Wages rising at half the rate of inflation, CSO figures show

Average weekly earnings rose at an annual rate of 3.2 per cent in the third quarter while inflation was approximately 8 per cent

Weekly earnings in the Republic rose by less than half the rate of inflation in the third quarter, new figures from the Central Statistics Office (CSO) show.

The CSO said average weekly earnings were €864.32 in third quarter of this year, up 3.2 per cent on the same period last year. Year-on-year inflation in the Irish economy in the third quarter was roughly 8 per cent.

This means real earnings declined.

The contraction in real earnings and the knock-on impact on consumption is expected to see a significant slowing in headline growth in the economy over the next year.


The CSO data show that over the past three years, weekly earnings have risen by 12.4 per cent, from €769.14 in the third quarter of 2019.

CSO average weekly earnings

The best paid workers in the State were once again those in the information and communication sector with average weekly earnings in the third quarter of €1,480.25, nearly double the national average.

They also enjoyed the largest annual percentage increase with earnings up nearly 11 per cent year on year. The second largest increase was 8.6 per cent in the transportation and storage sector which rose from €778.36 to €845.25 over the year.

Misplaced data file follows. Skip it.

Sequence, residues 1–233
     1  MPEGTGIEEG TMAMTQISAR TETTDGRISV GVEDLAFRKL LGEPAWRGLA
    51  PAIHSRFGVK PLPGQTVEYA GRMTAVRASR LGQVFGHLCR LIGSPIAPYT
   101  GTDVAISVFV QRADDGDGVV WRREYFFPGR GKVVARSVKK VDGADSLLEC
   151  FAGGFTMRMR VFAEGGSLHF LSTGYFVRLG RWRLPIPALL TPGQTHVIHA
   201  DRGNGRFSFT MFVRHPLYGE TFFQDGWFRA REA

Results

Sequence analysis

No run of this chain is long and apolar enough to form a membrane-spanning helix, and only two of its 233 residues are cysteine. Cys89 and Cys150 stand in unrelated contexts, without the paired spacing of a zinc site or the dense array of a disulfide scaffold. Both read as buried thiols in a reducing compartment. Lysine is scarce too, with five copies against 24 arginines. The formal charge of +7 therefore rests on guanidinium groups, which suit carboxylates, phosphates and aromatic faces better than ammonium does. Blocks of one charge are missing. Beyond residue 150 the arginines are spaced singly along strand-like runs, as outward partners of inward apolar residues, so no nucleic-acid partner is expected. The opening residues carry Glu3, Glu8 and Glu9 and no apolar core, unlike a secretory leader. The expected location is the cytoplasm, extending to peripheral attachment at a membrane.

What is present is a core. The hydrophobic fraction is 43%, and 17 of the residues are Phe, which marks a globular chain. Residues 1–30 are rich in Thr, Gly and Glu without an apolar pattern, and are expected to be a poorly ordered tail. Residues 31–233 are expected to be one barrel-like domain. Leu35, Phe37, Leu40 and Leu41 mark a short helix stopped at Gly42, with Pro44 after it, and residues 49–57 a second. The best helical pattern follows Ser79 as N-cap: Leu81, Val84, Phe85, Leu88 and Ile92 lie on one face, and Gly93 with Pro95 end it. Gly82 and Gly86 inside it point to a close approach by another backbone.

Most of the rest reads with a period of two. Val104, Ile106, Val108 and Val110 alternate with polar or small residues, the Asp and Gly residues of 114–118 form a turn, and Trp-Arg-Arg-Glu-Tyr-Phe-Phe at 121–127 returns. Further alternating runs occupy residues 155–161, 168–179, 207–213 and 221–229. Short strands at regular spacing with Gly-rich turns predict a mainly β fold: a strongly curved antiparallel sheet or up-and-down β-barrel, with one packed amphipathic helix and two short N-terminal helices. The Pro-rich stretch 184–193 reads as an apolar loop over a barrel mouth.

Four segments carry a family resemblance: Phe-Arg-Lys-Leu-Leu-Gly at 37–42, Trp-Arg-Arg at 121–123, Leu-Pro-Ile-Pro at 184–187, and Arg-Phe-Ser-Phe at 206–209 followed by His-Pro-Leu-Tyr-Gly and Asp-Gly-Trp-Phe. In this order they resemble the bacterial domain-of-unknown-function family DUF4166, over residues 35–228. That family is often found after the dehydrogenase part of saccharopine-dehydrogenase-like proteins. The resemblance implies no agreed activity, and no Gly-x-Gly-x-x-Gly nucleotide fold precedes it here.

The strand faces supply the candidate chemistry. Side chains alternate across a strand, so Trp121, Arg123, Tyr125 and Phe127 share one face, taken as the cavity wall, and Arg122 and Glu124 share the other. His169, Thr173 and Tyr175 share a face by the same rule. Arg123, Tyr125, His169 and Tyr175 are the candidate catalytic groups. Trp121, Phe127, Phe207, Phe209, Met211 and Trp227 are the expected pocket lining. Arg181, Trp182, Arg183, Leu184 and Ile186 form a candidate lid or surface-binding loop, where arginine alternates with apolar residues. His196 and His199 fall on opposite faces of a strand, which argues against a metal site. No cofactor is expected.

Workers in the accommodation and food services sector were the worst paid with average weekly earnings of €421.24 but the sector includes many part-time staff.

Average hourly other labour costs increased by 60.7 per cent across all economic sectors to €4.13. A significant factor in this increase was the ending of the Employment Wage Subsidy Scheme (EWSS) at the end of May, the CSO said.

The sector with the highest average hourly total labour costs was the information and communication sector with a rate of €49.51, followed by the education sector at €43.24.

The sectors with the lowest cost of employing labour were the accommodation and food services activities with average hourly total labour costs of €16.90 and arts, entertainment, recreation and other service activities with €22.58.

The job vacancy rate in the third quarter, which measures job vacancies on the last working day of the quarter, was 1.5 per cent, down from 1.6 per cent at the end of second quarter and up from 0.9 per cent at the end of the third quarter in 2019

The sectors with the highest job vacancy rate in the third quarter were professional, scientific and technical activities (3.8 per cent), followed by the financial, insurance and real estate activities (2.8 per cent).

Eoin Burke-Kennedy

Eoin Burke-Kennedy

Eoin Burke-Kennedy is Economics Correspondent of The Irish Times